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« Reply #38 on: April 08, 2005, 11:36:37 AM »

I've also heard that in Star War mythos the "Kessel Run" goes through dangerous space (black holes and such) and that to make the run short required a lot of skill

I've also heard it explained that Han was just trying to BS the locals to close the deal

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ulthar
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« Reply #39 on: April 08, 2005, 11:38:22 AM »

Sorry, guys, I cannot resist.  Another "True Geek" story.  In my high school Physics class, the class was four or five guys and the ex-football coach teacher.  All of the problems we worked in class were made to involve throwing living things off of buildings or cliffs.  That dude knew how to make Physics fun and appealing to teen-age boys.

The Jar-Jar experiment is very, very doable.  I suggest the Indus River gorge, the largest single escarpment on the surface of the earth: 23,000 feet from top to bottom.  This will give him time to think about what he's done.

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AndyC
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« Reply #40 on: April 08, 2005, 12:09:42 PM »

That's the beauty of geekdom. Any idiot can find fault, but a true geek can not only spot the mistake, but think of any number of rational explanations for it.

Kind of reminds me of the old Marvel "No Prize." Encouraged the kids to not just spot the mistakes, but to eliminate them as well. Quite a labour-saver for the folks at Marvel who answered the mail.



Post Edited (04-08-05 12:15)
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trekgeezer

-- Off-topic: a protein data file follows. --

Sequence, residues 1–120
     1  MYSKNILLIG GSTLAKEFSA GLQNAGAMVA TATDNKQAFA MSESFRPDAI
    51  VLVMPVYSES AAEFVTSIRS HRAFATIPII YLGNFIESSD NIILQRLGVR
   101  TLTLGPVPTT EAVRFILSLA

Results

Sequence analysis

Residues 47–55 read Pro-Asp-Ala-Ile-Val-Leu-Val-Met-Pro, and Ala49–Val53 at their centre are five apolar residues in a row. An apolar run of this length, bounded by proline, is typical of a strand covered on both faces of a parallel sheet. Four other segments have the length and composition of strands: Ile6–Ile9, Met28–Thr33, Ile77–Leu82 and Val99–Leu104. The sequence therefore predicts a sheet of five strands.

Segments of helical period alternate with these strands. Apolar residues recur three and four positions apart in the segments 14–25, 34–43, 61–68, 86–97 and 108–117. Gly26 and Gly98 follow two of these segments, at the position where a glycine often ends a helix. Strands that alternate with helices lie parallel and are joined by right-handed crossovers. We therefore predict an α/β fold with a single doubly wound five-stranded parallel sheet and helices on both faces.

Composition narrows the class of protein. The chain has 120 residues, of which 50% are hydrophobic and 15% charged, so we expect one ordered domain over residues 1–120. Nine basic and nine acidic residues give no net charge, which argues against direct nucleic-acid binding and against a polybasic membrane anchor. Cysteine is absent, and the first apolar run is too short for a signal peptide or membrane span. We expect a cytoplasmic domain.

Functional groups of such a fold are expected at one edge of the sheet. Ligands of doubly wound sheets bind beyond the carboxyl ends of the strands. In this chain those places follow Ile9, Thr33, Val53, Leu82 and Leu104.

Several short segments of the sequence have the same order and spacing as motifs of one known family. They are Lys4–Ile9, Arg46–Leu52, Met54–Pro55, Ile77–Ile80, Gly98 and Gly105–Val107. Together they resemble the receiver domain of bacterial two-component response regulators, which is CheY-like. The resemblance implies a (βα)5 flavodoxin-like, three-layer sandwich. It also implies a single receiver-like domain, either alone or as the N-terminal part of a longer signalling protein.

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« Reply #41 on: April 08, 2005, 12:15:58 PM »

I always had a problem with the X-Wings and Vipers not having any attitude control thrusters. They were shown banking and diving like airplanes. That don't work in space.

In Babylon 5 JMS based the design of the StarFuries on the X-Wing, but  the "wings" only served as a mount for the engines and thrusters. The four guns are mounted 2 above and 2 below cockpit mounted on the fuselage. They have the pilot in a standing position (supposedly you can handle the G-forces better that way).  Later they had a two person model called the Thunderbolt, which had wing extensions that could be flipped out for atmospheric flight and the crew sat in the cockpit.

The new BSG also addressed this, the Vipers can now be seen doing 180's using attitude thrusters. This makes a lot more sense than having to the ships bank and turn.  Ships in space can be a lot more maneuverable because they don't have to deal with that pesky atmosphere or gravity.

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AndyC
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« Reply #42 on: April 08, 2005, 12:25:45 PM »

Well, Star Wars and the old BSG were space opera. Adventure comes before scientific accuracy. They wanted aerial dogfights with lots of loud explosions, for dramatic purposes. I prefer to judge them by that standard.

Really, it can be argued that they're not even real science fiction at all. There's nothing about the basic story of Star Wars that wouldn't work in a more earthly setting. It's timeless material, wrapped in sci-fi trappings. Do it all with regular guns and swords, ships and planes, and it would work.

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raj
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« Reply #43 on: April 08, 2005, 12:29:12 PM »

I always thought he was referring to parsecs as time, not distance; sort of like using lightyears as a unit of time.  Haven't heard about this alternative explanation.
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Fearless Freep
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« Reply #44 on: April 08, 2005, 12:51:16 PM »

The new BSG also addressed this, the Vipers can now be seen doing 180's using attitude thrusters

Yet they can't mount a gyro-stabilizer of some sorta on a stupid camera